In support, the High Court cited Barry v Buckley, (2) where Judge Costello had stated that the court had an inherent jurisdiction to strike out or stay proceedings which were frivolous or vexatious or had no reasonable prospect of success. In this case, the High Court noted that a similar jurisdiction – effectively; to the converse – was argued to exist, enabling a plaintiff to obtain summary judgment without having to proceed to a plenary hearing if the defendant did not have a stateable defence. It also relied on Sun Fat Chan v Osseous Ltd, (3) where Judge MacCarthy in the Supreme Court had stated that "a defendant may be denied the right to defend an action in a plenary hearing if the facts are clear and it has shown that the defence is unsustainable". The High Court suggested that this statement accepted the logic and the justice in providing a mechanism for a plaintiff to obtain relief in all proceedings if the facts are clear and it can be demonstrated that there is no sustainable defence. Noting that the Court Rules are silent on the issue, the High Court observed that "the rules of court are the servants of justice and not its master". In this regard, it found support from Judge Geoghegan in Dome Telecom Ltd v Eircom Ltd, (4) where the court had opined that "if there is no rule in existence precisely covering the situation, [the court] has an inherent power to fashion its own procedure". Apart from the inherent jurisdiction, the High Court also noted that this litigation was proceeding before the Commercial List of the High Court. It also referred to various authorities confirming the expansive nature of the directions which could be made in the Commercial List. (5) In light of those wide powers, the High Court was also of the view that in proceedings in the Commercial List, it is open to a plaintiff to seek a summary disposal of claims other than liquidated damages in circumstances where a defendant is likely to be unable to demonstrate a real bona fide defence.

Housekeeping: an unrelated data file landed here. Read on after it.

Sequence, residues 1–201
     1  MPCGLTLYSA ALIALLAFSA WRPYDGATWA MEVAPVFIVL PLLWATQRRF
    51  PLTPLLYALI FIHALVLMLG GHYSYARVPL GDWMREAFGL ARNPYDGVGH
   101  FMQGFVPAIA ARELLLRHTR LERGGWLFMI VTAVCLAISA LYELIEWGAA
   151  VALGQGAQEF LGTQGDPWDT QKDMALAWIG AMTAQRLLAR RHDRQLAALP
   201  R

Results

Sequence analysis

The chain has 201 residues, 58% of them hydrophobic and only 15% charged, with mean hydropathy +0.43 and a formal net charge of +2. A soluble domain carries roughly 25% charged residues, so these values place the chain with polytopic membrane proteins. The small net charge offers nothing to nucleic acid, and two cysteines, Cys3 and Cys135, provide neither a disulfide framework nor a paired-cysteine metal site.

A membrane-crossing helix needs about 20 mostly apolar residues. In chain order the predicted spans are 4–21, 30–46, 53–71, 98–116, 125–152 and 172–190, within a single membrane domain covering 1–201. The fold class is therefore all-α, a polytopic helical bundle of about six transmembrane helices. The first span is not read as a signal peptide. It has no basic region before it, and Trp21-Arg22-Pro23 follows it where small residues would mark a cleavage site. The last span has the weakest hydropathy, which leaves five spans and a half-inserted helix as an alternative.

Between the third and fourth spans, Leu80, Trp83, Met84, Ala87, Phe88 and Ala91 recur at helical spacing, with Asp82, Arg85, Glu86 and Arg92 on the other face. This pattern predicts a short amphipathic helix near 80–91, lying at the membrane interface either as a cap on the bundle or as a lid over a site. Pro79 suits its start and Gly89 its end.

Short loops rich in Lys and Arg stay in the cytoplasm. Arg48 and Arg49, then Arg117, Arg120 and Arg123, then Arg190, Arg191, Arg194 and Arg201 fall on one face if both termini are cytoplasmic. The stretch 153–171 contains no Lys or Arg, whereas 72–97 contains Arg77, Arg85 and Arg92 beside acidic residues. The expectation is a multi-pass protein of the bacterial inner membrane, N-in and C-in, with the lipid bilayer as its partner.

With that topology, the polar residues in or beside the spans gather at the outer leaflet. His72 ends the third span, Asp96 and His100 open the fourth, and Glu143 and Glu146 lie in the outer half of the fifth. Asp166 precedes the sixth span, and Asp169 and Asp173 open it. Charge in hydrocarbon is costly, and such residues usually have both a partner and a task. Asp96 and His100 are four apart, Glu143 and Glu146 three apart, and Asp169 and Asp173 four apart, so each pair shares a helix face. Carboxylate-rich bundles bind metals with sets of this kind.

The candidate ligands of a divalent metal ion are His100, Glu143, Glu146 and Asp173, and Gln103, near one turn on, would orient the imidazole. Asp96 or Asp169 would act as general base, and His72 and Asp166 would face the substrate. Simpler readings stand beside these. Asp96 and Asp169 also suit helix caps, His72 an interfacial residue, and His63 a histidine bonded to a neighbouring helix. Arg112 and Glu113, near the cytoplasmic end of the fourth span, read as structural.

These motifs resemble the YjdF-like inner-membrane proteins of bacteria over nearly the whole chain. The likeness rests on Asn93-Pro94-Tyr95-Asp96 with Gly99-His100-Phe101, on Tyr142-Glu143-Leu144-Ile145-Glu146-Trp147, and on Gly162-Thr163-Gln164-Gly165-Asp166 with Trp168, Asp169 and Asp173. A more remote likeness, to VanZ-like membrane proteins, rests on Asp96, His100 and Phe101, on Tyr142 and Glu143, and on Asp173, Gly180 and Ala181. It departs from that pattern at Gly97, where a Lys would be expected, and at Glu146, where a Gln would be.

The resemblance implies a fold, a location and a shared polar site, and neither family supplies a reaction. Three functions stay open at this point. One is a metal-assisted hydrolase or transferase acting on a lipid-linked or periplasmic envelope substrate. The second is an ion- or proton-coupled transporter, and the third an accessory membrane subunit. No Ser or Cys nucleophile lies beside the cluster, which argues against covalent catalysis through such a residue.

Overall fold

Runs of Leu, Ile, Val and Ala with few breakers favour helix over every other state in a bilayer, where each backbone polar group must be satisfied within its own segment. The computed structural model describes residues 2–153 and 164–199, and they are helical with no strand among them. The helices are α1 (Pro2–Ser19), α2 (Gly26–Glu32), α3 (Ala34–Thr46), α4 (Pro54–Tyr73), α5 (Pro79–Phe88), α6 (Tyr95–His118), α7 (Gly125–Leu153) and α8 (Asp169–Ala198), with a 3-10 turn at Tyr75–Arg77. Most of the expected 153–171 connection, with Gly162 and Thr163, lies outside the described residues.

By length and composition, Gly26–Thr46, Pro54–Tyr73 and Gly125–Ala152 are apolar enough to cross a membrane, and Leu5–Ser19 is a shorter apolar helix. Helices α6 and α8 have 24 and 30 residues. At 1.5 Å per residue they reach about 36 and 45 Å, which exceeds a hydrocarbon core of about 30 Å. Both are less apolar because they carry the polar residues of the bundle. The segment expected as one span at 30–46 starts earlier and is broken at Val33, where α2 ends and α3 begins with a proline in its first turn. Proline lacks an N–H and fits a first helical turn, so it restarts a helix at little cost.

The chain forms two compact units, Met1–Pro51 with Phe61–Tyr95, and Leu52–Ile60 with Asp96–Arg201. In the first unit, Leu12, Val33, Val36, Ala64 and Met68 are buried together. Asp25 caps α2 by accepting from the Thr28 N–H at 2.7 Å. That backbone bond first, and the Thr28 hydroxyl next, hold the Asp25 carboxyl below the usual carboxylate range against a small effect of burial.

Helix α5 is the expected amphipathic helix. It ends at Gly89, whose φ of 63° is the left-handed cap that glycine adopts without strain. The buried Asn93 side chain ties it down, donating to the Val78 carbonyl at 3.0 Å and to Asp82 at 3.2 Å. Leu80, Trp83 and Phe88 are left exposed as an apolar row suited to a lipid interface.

Having established that there was jurisdiction to grant summary judgment in non-liquidated damages cases, the High Court had to consider the relevant test to apply. It noted that Aer Rianta cpt v Ryanair Ltd (6) had determined the test applicable to summary judgment in relation to liquidated claims. In essence, this required the court to consider whether it was clear that the defendant had no case. Although the High Court accepted that this was a relatively low threshold for a defendant to meet in order to be permitted to defend the claim, it felt that it should also be the test applicable to non-liquidated damages cases. Applying that test here, the High Court gave the defendant conditional leave to defend the non-liquidated claim, although judgment was given in respect of the liquidated claim.
This case represents a significant development. It confirms that there is jurisdiction, in the Commercial List of the High Court in particular, pursuant to which a plaintiff may seek summary judgment in cases which are not limited to liquidated damages claims. Although the test that a defendant must meet before being permitted to defend formally the claim is low, justice for a plaintiff faced with an unmeritorious defence may well be available on a summary basis akin to other jurisdictions.
(5) In particular, Order 63A, Rule 5 and IBB Internet Services Ltd v Motorola Ltd  2 ILRM 326. However, it also relied on cases such as McCann v Desmond  4 IR 554; Kalix Fund Ltd v HSBC International Trust Services (Ireland) Ltd  IEHC 457; and Sweetman v An Bord Pleanala  IEHC 174.